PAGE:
A federal judge ordered that evidence against the accused Fort Hood shooter obtained through classified intelligence gathering methods will be allowed in trial.
Lawyers for Maj. Nidal Hasan challenged the constitutionality of using the evidence, stating it constituted an illegal search or seizure and prevented Hasan from confronting his accusers.
Federal Judge Walter Smith denied the request Wednesday after reviewing the evidence and classified information outside of the court.
Smith made the ruling the same day a high military court ordered a halt to all proceedings at Fort Hood until it decides if the judge in Hasan’s court-martial can have him forcibly shaved.
With the high court’s ruling, Hasan’s court-martial has little chance of beginning Monday.
Authorities obtained the unspecified evidence from electronic surveillance that falls under the Foreign Intelligence Surveillance Act of 1978. Though investigators found evidence that may be used against Hasan, the structure of FISA rules appears to indicate that authorities were targeting someone outside the country.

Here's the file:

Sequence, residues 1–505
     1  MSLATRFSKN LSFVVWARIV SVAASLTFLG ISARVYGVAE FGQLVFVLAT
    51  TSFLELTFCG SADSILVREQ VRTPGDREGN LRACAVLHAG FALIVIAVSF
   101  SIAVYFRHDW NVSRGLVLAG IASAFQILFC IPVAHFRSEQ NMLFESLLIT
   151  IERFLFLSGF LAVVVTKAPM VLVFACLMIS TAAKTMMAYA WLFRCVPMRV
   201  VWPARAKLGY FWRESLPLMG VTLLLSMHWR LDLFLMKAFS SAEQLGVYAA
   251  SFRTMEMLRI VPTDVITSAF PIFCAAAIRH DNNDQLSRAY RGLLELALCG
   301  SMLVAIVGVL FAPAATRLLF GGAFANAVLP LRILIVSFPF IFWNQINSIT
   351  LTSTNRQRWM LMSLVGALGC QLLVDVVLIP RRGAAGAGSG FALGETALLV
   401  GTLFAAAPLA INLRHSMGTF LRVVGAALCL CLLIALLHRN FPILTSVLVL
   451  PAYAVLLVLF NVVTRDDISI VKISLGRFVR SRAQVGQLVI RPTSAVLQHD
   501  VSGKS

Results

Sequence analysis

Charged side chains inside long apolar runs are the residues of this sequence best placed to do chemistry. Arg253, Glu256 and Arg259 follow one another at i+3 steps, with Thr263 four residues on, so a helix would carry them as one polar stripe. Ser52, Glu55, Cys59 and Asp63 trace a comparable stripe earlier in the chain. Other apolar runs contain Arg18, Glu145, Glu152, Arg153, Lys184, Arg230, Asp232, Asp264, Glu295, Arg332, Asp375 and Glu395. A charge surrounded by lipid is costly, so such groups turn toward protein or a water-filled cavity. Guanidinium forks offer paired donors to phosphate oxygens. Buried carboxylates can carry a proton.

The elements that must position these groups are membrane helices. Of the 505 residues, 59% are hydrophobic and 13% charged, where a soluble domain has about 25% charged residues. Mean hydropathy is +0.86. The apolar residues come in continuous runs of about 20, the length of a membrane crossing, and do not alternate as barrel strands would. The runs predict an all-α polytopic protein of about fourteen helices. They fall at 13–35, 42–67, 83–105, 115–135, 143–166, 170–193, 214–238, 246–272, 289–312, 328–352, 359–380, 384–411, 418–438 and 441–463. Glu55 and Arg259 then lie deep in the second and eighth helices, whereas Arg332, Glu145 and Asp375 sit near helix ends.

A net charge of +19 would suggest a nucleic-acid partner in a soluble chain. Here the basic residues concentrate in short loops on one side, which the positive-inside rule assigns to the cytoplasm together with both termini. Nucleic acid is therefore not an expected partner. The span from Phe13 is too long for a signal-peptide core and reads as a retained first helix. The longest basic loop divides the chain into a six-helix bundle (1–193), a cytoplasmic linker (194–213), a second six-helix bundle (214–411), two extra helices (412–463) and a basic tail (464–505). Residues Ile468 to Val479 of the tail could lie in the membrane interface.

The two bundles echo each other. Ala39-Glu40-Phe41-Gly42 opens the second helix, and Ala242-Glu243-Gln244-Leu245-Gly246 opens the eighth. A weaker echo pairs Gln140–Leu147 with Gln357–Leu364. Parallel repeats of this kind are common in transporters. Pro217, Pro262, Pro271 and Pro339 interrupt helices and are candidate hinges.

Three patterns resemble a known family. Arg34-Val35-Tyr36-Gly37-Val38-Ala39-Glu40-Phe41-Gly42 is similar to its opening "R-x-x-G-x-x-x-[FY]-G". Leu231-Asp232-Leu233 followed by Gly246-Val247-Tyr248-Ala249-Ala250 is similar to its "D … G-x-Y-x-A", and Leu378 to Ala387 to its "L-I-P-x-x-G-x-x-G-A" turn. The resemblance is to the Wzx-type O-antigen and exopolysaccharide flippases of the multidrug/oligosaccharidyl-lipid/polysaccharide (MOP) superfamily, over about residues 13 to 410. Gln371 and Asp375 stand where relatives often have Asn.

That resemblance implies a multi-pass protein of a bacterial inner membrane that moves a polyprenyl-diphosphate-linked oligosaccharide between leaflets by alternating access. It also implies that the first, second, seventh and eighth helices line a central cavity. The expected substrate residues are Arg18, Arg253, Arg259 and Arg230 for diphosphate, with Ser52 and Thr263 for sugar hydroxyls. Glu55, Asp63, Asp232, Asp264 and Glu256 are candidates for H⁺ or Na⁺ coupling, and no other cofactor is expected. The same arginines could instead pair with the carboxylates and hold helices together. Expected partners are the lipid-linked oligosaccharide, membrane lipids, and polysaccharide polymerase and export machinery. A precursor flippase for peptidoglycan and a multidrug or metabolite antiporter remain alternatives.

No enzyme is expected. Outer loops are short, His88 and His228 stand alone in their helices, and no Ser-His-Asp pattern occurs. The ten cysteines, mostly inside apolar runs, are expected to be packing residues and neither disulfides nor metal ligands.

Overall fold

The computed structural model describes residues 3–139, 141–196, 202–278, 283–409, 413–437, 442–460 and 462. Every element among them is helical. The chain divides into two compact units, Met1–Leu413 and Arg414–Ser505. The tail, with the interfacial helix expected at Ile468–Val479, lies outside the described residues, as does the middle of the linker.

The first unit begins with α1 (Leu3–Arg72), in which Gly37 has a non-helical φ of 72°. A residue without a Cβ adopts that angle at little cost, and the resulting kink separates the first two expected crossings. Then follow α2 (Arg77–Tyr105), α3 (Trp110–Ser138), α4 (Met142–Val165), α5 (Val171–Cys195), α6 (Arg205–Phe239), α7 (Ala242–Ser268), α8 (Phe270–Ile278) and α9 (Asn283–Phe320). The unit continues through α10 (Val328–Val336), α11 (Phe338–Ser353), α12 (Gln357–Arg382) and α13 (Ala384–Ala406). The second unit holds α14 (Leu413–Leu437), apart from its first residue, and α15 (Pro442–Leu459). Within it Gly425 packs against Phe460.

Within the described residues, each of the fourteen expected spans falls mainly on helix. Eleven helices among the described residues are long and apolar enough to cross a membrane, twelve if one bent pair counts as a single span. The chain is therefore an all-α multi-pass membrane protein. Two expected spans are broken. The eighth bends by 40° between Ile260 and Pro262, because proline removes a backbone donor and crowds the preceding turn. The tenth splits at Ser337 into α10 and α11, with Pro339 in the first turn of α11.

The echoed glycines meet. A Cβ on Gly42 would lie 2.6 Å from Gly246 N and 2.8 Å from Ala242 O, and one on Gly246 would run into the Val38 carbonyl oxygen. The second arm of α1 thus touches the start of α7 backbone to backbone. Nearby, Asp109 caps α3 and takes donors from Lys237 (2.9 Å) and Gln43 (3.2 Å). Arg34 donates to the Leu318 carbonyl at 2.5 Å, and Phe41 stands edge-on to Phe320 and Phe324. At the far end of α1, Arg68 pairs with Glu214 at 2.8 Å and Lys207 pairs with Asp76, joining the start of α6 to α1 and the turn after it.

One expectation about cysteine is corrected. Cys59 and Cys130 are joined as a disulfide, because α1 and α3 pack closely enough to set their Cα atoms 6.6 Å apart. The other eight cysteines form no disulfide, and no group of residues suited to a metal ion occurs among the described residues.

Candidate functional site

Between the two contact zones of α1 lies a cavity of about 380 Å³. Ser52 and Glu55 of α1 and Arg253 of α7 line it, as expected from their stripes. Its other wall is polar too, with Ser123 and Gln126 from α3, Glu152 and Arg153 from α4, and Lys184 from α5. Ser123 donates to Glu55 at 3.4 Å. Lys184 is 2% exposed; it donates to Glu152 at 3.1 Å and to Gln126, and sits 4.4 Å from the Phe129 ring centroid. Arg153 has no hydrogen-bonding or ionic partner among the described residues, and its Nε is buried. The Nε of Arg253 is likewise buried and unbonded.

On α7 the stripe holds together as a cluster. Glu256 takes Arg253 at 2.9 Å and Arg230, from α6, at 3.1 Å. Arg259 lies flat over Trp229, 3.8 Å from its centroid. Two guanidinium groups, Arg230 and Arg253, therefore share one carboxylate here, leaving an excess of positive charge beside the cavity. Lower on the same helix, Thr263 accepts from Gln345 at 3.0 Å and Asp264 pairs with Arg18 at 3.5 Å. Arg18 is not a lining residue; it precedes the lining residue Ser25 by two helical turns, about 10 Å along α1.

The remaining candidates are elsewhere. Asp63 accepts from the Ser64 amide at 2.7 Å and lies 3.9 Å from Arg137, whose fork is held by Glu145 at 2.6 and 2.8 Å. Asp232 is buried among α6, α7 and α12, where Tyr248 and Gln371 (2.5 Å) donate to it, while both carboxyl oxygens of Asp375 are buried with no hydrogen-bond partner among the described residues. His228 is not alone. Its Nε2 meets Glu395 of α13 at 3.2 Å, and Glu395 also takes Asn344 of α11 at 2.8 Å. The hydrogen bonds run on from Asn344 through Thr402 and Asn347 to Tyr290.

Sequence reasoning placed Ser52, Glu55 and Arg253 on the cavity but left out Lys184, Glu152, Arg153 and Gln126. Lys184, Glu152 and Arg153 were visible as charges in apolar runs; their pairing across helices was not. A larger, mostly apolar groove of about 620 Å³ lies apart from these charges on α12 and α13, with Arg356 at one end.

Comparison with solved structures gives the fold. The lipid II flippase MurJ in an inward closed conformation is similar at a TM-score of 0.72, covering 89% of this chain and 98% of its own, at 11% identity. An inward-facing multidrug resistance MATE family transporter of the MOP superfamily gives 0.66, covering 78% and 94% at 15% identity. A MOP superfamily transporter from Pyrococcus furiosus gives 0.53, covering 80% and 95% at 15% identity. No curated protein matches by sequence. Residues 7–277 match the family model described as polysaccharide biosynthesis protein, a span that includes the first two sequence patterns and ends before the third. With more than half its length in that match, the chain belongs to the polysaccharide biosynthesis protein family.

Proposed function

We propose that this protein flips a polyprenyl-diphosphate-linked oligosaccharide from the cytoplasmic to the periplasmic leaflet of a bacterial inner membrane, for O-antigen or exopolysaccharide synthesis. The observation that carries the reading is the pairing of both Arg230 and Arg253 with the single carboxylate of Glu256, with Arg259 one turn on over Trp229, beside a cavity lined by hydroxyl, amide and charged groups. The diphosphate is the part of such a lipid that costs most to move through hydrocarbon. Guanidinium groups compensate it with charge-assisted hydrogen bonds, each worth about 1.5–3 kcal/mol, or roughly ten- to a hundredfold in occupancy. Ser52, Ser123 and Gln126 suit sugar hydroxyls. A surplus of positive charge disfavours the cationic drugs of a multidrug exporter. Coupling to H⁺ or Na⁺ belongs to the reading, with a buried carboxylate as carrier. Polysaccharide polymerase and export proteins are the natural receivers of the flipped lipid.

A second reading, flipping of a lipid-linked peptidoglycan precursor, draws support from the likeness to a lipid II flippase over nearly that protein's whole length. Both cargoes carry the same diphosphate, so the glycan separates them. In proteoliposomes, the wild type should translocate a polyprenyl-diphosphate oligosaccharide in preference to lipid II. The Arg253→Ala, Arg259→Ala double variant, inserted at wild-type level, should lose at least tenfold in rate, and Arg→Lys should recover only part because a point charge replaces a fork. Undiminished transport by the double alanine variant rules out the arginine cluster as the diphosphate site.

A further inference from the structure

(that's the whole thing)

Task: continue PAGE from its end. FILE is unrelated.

It leads to the possibility that the evidence could be communications between Hasan and Anwar al-Awlaki, the al-Qaida cleric who was slain last year in Yemen. Hasan sent a series of emails to Awlaki in the months leading up to the Nov. 5, 2009, mass shooting on post. It led agents from the Joint Terrorism Task Force to monitor Hasan’s communications, though the 41-year-old Army psychiatrist was never taken in for questioning.
In Smith’s ruling, he states that U.S. Attorney General Eric Holder provided a sworn declaration that disclosure of FISA materials would create a danger to national security. Smith also refused to allow the defense and prosecution to argue the matter.
The ruling marks the end of the federal case, which was transferred to the Waco court because of jurisdictional issues in July.